NHS computer system
A new £44 million IT system which will pave the way for a paper-free NHS was today launched.
The Patient Management System (PMS) will be used to streamline in-patient and out-patient bookings, manage waiting lists, order tests and report test results.
Health Secretary Nicola Sturgeon said that PMS is the first system that can be used in any hospital in the NHS and will replace paper processes, improving security and freeing up time for staff to spend on other vital tasks.
It will enable staff to keep track of patient records much more easily and allow information to be communicated back to GPs.
Until now, health boards have had different patient management systems in place. Ensuring they are all using the same one will make it easier for information to be shared securely when a patient is being treated by more than one health board.
So far, six NHS boards across Scotland have signed up to the system, covering 70 per cent of Scotland’s population, with the rest set to join in the coming months.
The system was launched with a visit to Monklands Hospital in Airdrie to see how a trial of the new programme has benefited patients and staff in the renal ward.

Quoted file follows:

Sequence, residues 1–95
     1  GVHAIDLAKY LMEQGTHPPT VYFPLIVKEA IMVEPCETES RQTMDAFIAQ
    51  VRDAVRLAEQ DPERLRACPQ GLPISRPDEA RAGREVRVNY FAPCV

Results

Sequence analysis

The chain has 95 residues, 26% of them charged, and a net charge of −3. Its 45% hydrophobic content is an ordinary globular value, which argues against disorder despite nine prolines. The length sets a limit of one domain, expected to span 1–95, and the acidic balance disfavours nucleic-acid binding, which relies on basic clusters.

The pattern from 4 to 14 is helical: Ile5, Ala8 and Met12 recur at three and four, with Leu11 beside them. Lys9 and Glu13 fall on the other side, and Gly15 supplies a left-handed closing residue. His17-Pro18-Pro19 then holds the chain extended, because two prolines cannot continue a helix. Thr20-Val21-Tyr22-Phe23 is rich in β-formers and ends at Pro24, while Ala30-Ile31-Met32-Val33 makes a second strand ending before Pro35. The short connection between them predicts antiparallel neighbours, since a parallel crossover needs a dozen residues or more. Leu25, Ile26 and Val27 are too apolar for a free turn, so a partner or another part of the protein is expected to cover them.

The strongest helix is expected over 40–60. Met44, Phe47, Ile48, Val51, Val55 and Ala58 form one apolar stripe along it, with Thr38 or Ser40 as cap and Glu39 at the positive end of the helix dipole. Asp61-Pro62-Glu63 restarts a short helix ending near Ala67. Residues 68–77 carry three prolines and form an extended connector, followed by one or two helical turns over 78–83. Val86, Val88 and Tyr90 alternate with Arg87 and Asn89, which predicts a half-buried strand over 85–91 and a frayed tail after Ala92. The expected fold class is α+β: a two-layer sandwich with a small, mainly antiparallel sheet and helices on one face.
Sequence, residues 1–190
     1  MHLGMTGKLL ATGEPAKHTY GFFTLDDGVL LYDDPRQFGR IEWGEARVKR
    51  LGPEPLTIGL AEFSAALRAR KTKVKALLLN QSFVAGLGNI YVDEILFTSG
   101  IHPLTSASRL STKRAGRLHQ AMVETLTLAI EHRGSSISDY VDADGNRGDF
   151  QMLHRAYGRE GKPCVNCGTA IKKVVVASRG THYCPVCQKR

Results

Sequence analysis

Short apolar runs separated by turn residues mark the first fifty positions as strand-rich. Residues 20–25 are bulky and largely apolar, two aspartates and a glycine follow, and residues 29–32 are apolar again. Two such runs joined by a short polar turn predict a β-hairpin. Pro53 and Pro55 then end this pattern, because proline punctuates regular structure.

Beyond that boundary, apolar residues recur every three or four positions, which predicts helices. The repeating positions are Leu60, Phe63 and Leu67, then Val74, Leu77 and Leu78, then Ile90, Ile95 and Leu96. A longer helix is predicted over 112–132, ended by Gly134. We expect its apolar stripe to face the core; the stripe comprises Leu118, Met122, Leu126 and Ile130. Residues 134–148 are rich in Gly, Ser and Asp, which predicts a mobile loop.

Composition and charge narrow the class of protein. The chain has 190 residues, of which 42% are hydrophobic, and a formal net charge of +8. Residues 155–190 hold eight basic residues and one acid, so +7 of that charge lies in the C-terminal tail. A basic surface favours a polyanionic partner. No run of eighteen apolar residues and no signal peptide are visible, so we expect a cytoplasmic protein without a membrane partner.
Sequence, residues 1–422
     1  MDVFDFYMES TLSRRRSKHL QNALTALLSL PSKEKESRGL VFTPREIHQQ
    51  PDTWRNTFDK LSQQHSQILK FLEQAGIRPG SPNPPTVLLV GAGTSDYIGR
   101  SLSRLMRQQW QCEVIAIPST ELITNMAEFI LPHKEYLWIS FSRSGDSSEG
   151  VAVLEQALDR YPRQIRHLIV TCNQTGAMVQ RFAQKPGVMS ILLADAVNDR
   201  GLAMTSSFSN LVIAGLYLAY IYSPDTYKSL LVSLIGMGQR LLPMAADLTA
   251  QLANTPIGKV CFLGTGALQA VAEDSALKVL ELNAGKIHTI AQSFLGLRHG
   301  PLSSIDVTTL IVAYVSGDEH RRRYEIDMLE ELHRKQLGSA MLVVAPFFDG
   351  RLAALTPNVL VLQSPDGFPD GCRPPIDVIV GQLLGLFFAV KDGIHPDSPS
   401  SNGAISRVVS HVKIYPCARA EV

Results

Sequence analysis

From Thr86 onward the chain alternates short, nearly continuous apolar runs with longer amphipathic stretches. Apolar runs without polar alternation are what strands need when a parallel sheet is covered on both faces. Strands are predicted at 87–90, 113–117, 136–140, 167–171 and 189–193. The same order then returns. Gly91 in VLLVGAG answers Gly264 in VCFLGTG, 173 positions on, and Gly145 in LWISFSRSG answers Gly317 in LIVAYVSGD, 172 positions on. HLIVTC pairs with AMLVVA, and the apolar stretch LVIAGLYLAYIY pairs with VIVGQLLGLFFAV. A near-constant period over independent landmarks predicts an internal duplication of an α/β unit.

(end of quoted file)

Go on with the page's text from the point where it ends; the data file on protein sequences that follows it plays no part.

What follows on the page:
Ms Sturgeon said:
“This is a major step towards a paper-free NHS.
“This new system will be much more efficient, faster and more secure than outdated paper-based systems. It also frees up money to be spent on front-line services and is better for environment.
“Benefits for patients and staff include improved security, faster test results, staff being able to share information more quickly, and having staff freed up to carry out other tasks.
“It will also reduce the number of times patients have to give repeat information, which I know can be incredibly frustrating.
“Communicating with patients is one of the areas that I am absolutely determined the NHS will improve on and this new system will help us achieve this.
“This is just one of a range of steps we are taking to put the quality of care patients receive at the heart of everything the NHS does.”
Dr Jamie Traynor, consultant in renal medicine at Monklands Hospital, said:
“This Patient Management System is, to me, the first major leap towards a hospital-wide electronic patient record with huge advantages in the delivery of patient care.
“As well as the many efficiency benefits, patients will benefit directly as the staff looking after them will be able to make treatment decisions based on real-time access to up-to-date information such as blood results and medicines.
“It is also worth stressing that there will be a level of security built into this system that will exceed what we are able to achieve with paper records.”
The TrackCare™ connected healthcare information system, developed by InterSystems Corporation, will be implemented as the Patient Management System by health boards in Ayrshire & Arran, Borders, Grampian, Greater Glasgow & Clyde and Lanarkshire, NHS Lothian has already implemented the programme.
The framework contract enabling all Scottish health boards to sign individual contracts from this solution was signed earlier this year. Representatives from the consortium health boards above who led the procurement programme today signed contracts against it to the value of £44 million.